Mary Beth Hurt is fantastic as Wade’s ex-wife Lillian who still has issues with Wade as she is aware of his neglect towards their daughter while reluctant in having Wade be around her. Willem Dafoe is excellent in his brief performance as Wade’s younger brother Rolfe as a man who briefly returns home to deal with a family matter as he is aware of what is going on as it’s an understated performance that has Dafoe be aware of the abuse he’s endured but also with an acceptance over the persona of his father. Sissy Spacek is brilliant as Margie Fogg as the diner waitress who is also Wade’s girlfriend as she is aware of Wade’s issues while getting to know Glen closer than she expected which makes her uncomfortable as she is trying to get Wade to get away from his father.

James Coburn is phenomenal in a monstrous performance as Glen Whitehouse as Wade and Rolfe’s alcoholic and abusive father. Coburn displays this physicality as someone who lords over those who he feels are weak as there is an element of him that is filled with hate but also seems to have a dark glee in the way he conveys this idea of masculinity and power as it is a career-defining performance from Coburn. Finally, there’s Nick Nolte in an incredible performance as Wade Whitehouse as a local cop who is investigating a hunting accident thinking it’s not an accident where he would later unravel into his own thoughts as well as his relationship with his father that is complicated and filled with fear as it’s an eerie and chilling performance Nolte in one of his career-best roles to date.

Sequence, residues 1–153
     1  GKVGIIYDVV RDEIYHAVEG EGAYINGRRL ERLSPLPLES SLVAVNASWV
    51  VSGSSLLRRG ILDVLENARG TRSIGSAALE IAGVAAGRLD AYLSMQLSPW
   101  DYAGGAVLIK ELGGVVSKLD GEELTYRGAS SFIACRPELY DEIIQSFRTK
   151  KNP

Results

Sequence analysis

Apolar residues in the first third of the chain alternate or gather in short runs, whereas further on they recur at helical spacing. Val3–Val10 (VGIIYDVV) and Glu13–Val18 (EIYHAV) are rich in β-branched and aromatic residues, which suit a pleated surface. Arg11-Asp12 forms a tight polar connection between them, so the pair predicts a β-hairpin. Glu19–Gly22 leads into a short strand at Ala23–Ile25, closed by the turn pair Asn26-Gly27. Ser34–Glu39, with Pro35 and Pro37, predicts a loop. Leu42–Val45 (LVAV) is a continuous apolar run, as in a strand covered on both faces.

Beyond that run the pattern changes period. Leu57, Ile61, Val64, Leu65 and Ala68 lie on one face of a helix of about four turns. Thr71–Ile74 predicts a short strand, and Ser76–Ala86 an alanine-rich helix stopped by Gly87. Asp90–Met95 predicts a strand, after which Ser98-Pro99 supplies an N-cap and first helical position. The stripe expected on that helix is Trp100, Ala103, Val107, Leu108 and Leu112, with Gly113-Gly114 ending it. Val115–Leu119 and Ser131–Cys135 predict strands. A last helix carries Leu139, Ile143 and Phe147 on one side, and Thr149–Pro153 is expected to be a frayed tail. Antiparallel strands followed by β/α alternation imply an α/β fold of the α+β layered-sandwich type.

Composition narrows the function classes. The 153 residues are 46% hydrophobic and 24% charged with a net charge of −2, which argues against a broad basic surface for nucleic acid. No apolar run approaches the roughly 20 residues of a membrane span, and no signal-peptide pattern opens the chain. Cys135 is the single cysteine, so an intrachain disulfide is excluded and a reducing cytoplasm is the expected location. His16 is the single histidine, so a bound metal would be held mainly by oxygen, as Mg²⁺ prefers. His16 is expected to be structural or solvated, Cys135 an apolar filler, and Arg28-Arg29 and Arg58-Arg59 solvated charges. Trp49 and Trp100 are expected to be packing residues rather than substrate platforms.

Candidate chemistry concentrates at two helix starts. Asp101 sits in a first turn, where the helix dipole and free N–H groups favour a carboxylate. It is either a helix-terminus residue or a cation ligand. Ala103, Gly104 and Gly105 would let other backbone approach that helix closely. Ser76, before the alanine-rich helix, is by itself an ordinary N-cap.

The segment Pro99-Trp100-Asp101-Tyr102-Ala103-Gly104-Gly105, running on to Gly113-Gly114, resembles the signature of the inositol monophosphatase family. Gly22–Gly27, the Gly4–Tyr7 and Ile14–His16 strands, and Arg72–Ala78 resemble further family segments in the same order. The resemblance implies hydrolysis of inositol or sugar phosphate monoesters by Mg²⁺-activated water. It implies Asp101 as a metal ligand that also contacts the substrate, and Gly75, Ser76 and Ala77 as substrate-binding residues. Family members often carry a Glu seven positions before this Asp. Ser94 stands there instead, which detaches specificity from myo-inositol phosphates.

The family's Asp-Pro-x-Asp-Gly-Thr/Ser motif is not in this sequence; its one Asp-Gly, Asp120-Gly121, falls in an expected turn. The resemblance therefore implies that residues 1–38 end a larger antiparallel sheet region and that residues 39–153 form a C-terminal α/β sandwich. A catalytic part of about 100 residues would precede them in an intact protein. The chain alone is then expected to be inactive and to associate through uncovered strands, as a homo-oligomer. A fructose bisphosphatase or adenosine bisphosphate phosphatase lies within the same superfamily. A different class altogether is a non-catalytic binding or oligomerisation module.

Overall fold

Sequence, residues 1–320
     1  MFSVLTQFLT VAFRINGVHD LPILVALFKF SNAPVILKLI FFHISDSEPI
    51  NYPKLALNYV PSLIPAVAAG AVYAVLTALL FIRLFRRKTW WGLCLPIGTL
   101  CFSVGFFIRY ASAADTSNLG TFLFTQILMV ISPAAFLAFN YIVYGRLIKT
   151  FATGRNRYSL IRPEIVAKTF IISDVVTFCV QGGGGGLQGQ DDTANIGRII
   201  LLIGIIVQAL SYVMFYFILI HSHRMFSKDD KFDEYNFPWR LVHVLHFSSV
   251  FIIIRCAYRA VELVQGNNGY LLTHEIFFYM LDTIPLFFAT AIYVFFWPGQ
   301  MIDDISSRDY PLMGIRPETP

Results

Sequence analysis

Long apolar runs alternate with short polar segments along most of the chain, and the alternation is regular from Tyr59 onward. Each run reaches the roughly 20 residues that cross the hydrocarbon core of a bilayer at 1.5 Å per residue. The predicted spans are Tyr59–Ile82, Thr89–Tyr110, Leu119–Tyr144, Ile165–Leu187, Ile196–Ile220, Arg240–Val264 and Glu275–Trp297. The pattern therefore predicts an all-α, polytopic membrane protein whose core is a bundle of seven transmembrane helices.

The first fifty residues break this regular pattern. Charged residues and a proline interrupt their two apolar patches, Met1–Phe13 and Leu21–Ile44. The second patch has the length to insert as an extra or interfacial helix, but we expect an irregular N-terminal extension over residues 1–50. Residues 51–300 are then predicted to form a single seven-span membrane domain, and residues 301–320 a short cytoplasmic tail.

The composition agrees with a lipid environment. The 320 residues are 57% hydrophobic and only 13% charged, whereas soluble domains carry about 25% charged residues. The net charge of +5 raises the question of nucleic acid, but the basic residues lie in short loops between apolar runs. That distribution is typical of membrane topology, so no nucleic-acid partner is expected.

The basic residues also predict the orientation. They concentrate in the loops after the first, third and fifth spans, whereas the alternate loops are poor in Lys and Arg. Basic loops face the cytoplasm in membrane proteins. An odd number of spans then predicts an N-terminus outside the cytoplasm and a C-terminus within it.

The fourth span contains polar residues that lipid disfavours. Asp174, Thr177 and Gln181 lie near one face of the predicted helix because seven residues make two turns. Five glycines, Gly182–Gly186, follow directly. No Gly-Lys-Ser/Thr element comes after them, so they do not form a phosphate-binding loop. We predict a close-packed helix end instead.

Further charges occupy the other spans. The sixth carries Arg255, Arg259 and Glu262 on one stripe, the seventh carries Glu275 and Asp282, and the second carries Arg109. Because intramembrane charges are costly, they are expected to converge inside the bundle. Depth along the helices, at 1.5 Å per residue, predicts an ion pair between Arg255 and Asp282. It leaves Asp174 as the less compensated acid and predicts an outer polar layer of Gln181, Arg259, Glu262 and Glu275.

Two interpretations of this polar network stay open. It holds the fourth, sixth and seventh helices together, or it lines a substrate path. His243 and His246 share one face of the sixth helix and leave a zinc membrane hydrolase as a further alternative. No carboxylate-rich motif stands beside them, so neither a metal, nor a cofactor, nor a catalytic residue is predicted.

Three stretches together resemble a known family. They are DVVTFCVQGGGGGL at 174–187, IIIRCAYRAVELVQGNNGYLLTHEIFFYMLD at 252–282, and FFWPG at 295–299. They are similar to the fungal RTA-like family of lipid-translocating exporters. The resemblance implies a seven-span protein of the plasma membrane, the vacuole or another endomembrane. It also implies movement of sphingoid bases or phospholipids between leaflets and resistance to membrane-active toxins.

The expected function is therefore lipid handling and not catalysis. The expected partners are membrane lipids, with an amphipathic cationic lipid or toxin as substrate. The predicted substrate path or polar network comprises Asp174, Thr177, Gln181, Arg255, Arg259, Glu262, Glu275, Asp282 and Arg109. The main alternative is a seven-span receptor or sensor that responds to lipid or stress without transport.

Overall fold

Affliction is a tremendous film from Paul Schrader that features great performances from Nick Nolte and James Coburn. Along with its supporting cast, gorgeous visuals, haunting music, and study of abuse and identity. It’s a film that explore a man unraveling as he deals with the fact that he inherits some of his father’s dark attributes as well as the dark history of his family. In the end, Affliction is an outstanding film from Paul Schrader.

Paul Schrader Films: Blue Collar - HardcoreAmerican Gigolo - Cat People (1982 film) - Mishima: A Life in Four Chapters – (Light of Day) – (Patty Hearst) – (The Comfort of Strangers) – (Light Sleeper) – (Witch Hunt) – (Touch) – (Forever Mine) – (Auto Focus) – (Dominion: Prequel to the Exorcist) – (The Walker) – (Adam Resurrected) – (The Canyons) – Dying of the Light – (Dog Eat Dog) – First Reformed - (The Card Counter)

© thevoid99 2018


Alex Withrow said...

Hell yes, so happy you liked this movie and reviewed it. It’s still my favorite Schrader film. This film captures pure, absolute fucking dread in such a unique way. Coburn really is a monster here. What a performance.

thevoid99 said...

@Alex-It was intense as Coburn at times was really scary. He totally deserved his Oscar for that performance.